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rage, rage against the scattering of the jewelry

A few days ago I sat down to dinner with the family with a sort of smug satisfaction. All food groups were represented, it was on time and delicious, and Charlie had just wowed me with her cuteness by coming downstairs to dinner dressed like this:

But the mood would change suddenly a few minutes later when I noticed Vivi wearing a ring from my jewelry drawer. I let the fork drop to the plate, stunned for a few moments, which was long enough for Vivi to figure out what was happening and blurt, “Charlie took your jewelry, Mommy!”

I raced upstairs, and sure enough, in the place where I keep my engagement ring, my mom’s wedding ring, and my great grandmother’s cameo necklace, there was nothing. Instead, my ring was on the floor in the hallway, and all of the other various pieces of jewelry were scattered to the wind, amidst sheets and under toys. Oh Lawdy be!

Reader, I would love to report to you that I had a very calm and rational discussion with the girls about Mommy’s personal belongings that are not to be played with, etc., but I think we know that isn’t the case. I’m not proud of my reaction; as I’ve said before, I sometimes have trouble caging my inner tiger. On the plus side, I do try after a blow up to explain later that sometimes grown-ups misbehave and need to be reminded of the rules, and that I want them to let me know when they feel sad about the way they’re being treated. If we can’t be perfect, at least we can be honest.

I have since made our bedroom “off limits,” and the point seems to have gotten across because I haven’t seen either child step foot in that room again. Today Vivi said to me, “Mommy, I wish I could dig a hole into your room from the bathroom so I could sneak in there.” Oh, sweet child of mine! I really didn’t want to place a no-entry limit on them. I love the idea of them being able to come in there and lay on mom’s big bed and peek into my closet. Hopefully in a year I’ll be able to reinstate our room as a fly zone, but while I have a toddler who knows how to use a step stool but doesn’t know how to employ self-control, it’s probably a good idea to ban entry for a while.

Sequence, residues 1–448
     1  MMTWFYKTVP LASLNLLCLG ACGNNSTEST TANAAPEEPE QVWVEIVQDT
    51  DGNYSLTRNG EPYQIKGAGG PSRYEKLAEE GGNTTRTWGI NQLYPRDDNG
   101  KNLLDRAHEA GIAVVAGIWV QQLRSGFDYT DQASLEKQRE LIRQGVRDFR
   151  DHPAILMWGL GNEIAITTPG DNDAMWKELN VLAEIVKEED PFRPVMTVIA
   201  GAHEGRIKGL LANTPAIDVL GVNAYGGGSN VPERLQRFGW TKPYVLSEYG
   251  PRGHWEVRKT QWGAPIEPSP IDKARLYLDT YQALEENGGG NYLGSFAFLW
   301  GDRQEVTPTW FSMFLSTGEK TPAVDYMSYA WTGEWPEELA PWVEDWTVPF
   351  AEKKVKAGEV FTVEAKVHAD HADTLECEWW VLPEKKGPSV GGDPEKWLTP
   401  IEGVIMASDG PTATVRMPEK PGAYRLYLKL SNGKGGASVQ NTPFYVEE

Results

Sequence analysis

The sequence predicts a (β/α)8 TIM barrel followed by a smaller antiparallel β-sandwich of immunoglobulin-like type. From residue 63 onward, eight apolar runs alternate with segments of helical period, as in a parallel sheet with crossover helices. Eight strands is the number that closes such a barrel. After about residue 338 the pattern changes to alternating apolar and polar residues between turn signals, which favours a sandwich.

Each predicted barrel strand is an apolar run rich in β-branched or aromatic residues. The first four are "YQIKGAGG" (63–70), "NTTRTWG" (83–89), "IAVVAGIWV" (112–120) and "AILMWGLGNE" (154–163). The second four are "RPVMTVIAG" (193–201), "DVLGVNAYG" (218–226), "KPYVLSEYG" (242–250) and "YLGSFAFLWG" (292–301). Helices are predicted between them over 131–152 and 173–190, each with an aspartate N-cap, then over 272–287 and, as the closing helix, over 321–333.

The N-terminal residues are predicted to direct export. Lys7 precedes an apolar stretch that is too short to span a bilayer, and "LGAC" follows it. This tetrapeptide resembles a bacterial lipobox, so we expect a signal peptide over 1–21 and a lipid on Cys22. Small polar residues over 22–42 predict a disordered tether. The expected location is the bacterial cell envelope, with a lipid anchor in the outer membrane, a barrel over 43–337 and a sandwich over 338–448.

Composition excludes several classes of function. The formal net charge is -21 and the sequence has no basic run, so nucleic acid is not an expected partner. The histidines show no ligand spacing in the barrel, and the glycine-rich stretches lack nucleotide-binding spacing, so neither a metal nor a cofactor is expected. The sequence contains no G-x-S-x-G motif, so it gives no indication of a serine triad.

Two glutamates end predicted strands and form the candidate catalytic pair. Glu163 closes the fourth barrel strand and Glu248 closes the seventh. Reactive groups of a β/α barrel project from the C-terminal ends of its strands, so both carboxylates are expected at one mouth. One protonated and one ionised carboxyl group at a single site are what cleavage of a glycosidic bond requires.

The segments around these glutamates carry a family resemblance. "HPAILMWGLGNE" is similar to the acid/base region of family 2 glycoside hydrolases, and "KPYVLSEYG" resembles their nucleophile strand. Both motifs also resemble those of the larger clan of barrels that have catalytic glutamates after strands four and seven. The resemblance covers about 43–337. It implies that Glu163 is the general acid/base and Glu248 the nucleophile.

I have more stories to share with you from the week. I missed you, friends! For now, I’m going to share one of my favorite dinners to eat when I’m spending an evening alone, as I am tonight. I’m eating a Spanish omelette, which is really called a tortilla, but I call it an omelette so as not to confuse my brain. Please don’t bother telling me how many calories I’m ingesting when I consume this meal. I know, and I don’t care.

fatty omelette for one

3 eggs
dash of milk
1/2 c. pre-cooked diced potatoes
smattering of caramelized onions
grated cheese
enormous glob of sour cream

There are some time-savers in my omelette process. When I have red potatoes on hand, I dice most of them up right away and either freeze them or par-boil them and put them in the fridge for the week. You’d be surprised how useful they are. I do this prep work because organic potatoes go bad very quickly (note: If you don’t yet eat organic potatoes, here’s why you should consider it).

Another time-saving step is that I caramelize onions while I’m making dinner for the girls or doing dishes, whatever. Y’all know how to do that, right? Cut an onion in half and then slice thinly. Start a skillet over low heat with some oil, add the onions, and let sit nearly untouched for 10 minutes. Then add some salt and mix them up. Cook for a total of about 45 minutes at the lowest heat setting, stirring only every 7-10 minutes or so. These are another item that I can put into almost anything, and it adds an extra layer of deliciousness.

Whisk eggs together with a smidgen of milk, then add to a preheated skillet coated with oil. Season with salt and pepper. In the first minute, push the eggs toward the center in a few places to allow the runny egg to move around the cooked egg. Sprinkle the omelette with potatoes and onions.¬†Cook over medium on the first side for about 4 minutes total.¬†Make sure it is loose, then slide onto a plate, invert the skillet over the top, and flip the omelette back into the hot pan to cook the second side. Sprinkle some cheese on top and let cook for 3-4 more minutes. Slide it out onto a plate and top with too much sour cream, salsa, and more salt and pepper. Eat it while you watch Midnight in Paris again. It’s a little less fun the second time, but a glass of red wine helps.